Publication: Monitor Volume: 5 Issue: 162

Military operations against Islamic rebels came to a standstill on September 1-2 in Kyrgyzstan’s Batken and Chon-Alai districts, amid growing indications of friction between the governments of Kyrgyzstan and Uzbekistan. The Kyrgyz do not want Uzbekistan to use the rebellion as an opportunity for playing the role of regional leader. Accordingly, they have chosen to rely primarily on Russian, rather than Uzbek, military assistance. They also seem willing to go out of their way to please Japan–a key donor and investor country–by trying to save the rebel-held Japanese hostages. As a result, the Kyrgyz are following cautious military tactics in order to preserve the Japanese hostages’ lives, rather than giving in to Uzbek pressure for indiscriminate air strikes, which place the hostages and local villages at risk. Following the air strikes on a Kyrgyz village, the Kyrgyz government has ordered Uzbek aviation out of action, and seems content to keep it that way while appealing to Russia for air support. In the meantime, the number of officially registered refugees from the area has risen to 5,500.

On September 1-2, the insurgents named their terms for releasing their military and civilian captives, including the Japanese and the commander of Kyrgyz Internal Affairs Ministry troops. One communication from the rebels demanded free passage to Uzbekistan. Another demanded the release of Islamic militants imprisoned in Uzbekistan.

Kyrgyzstan’s First Deputy Prime Minister Boris Silaev and Defense Minister Esen Topoev reported yesterday in Bishkek on the results of discussions in Moscow with top Russian officials. The Russian military is about to airlift arms, ammunition, uniforms, night-vision devices, vehicles and helicopters to Kyrgyzstan. Moscow is considering Kyrgyzstan’s request for fighter-bomber aircraft.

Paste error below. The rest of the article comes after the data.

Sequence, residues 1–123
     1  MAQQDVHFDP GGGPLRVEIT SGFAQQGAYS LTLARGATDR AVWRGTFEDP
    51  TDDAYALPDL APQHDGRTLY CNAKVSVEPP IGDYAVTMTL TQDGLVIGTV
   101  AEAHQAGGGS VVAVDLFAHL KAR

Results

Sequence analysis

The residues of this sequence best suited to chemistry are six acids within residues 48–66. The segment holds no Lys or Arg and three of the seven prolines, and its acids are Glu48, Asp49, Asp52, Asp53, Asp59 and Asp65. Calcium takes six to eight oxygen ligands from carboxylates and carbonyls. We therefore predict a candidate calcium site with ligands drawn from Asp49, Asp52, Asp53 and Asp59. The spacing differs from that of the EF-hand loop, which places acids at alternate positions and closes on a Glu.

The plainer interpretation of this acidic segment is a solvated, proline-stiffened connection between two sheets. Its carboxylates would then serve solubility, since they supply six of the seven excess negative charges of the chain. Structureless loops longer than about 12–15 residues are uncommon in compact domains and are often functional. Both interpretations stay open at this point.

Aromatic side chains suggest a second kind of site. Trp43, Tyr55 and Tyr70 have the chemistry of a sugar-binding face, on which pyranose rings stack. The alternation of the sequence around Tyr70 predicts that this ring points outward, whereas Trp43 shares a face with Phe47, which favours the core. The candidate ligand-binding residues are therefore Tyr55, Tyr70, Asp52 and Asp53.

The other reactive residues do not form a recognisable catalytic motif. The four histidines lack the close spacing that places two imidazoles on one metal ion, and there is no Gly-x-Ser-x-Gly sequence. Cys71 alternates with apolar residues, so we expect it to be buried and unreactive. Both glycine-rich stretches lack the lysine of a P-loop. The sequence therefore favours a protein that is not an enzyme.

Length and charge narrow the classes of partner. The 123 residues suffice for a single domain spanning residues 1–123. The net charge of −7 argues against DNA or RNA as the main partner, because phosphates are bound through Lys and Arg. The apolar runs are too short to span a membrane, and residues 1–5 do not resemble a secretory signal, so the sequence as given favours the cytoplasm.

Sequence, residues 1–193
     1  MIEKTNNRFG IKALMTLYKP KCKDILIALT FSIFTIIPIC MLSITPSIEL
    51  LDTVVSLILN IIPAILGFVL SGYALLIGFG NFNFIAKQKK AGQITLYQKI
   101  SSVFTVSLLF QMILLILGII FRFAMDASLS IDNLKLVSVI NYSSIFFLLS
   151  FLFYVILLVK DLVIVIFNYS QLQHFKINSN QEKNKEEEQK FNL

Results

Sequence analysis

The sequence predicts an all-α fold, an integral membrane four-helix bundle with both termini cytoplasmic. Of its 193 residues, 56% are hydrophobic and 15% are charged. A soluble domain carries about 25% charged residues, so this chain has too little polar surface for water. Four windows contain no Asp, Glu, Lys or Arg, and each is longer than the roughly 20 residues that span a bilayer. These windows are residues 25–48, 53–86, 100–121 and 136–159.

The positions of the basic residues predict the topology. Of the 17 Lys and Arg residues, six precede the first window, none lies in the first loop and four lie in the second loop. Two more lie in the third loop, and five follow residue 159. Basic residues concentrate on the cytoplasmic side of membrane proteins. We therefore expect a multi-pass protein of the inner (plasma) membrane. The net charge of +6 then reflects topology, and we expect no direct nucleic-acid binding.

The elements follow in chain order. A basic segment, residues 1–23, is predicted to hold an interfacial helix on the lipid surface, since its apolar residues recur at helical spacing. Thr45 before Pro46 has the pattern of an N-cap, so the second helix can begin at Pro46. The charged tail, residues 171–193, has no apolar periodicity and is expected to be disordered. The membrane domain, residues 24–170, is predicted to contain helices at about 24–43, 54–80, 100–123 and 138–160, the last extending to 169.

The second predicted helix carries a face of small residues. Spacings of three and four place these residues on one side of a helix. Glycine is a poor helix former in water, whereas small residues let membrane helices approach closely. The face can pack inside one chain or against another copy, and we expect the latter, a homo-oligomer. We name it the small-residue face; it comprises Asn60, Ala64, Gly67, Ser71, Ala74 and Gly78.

President Askar Akaev yesterday issued the following guidelines to the army and security forces: seek a “bloodless release of all hostages in safe-and-sound condition;” isolate the rebel-controlled areas, stop any rebel attempts to advance into the interior of the country, and return fire if attacked. The first item implies negotiations and, potentially, a deal with the rebels. That prospect, as well as the reactive military strategy, are bound to displease Uzbekistan. The guidelines reflect Kyrgyzstan’s military weakness, and any change of strategy depends not just on the hostage situation but, primarily, on the timing and extent of Russian assistance and the Kyrgyz military’s ability to absorb it ahead of winter.

The Tajik government, meanwhile, lacks the means reliably to close the country’s border with Kyrgyzstan. The Kyrgyz government expressed concern yesterday that additional numbers of Islamic militants might cross that border to reinforce those already in Kyrgyzstan. The Uzbek government in turn is expressing its concern that the militants would use Kyrgyzstan’s Osh Region–where the Batken and Chon-Alai districts are located–as a direct corridor into Uzbekistan. The Osh Region has a substantial Uzbek population and has even, in Soviet times, been the scene of vibrant Muslim underground activities.

In Tashkent yesterday, Russia’s Defense Minister Igor Sergeev conferred with President Islam Karimov and Defense Minister Hikmatulla Tursunov. They agreed to create a crisis headquarters composed of Russian, Uzbek, Kyrgyz, Tajik and Kazakh staff officers in order to plan and coordinate a regional response to the crisis. Sergeev stated in clear terms that the situation can be handled within the framework of the CIS Collective Security Treaty. Because the Russian Defense Minister is fully aware that Uzbekistan abandoned that treaty earlier this year, his words amount to an invitation to Uzbekistan to rejoin it. A protracted crisis can clearly play into Russia’s hands, and Moscow may keep that consideration in mind when calibrating the scope and pace of its military assistance to Kyrgyzstan (Itar-Tass, Habar, Kyodo, AP, Reuters, September 1-2; see the Monitor, August 24-27, 31, September 1).

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